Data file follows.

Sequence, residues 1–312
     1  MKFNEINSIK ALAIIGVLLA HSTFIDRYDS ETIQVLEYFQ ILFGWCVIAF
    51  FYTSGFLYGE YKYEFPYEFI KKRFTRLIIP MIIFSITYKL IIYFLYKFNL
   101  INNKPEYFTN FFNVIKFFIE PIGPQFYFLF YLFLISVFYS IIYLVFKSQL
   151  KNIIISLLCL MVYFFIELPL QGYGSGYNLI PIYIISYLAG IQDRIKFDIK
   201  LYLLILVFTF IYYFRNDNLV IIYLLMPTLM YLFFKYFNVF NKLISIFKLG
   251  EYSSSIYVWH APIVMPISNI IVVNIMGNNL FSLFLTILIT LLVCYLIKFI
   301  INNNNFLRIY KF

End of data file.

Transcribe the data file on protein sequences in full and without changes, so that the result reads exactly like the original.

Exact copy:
Sequence, residues 1–312
     1  MKFNEINSIK ALAIIGVLLA HSTFIDRYDS ETIQVLEYFQ ILFGWCVIAF
    51  FYTSGFLYGE YKYEFPYEFI KKRFTRLIIP MIIFSITYKL IIYFLYKFNL
   101  INNKPEYFTN FFNVIKFFIE PIGPQFYFLF YLFLISVFYS IIYLVFKSQL
   151  KNIIISLLCL MVYFFIELPL QGYGSGYNLI PIYIISYLAG IQDRIKFDIK
   201  LYLLILVFTF IYYFRNDNLV IIYLLMPTLM YLFFKYFNVF NKLISIFKLG
   251  EYSSSIYVWH APIVMPISNI IVVNIMGNNL FSLFLTILIT LLVCYLIKFI
   301  INNNNFLRIY KF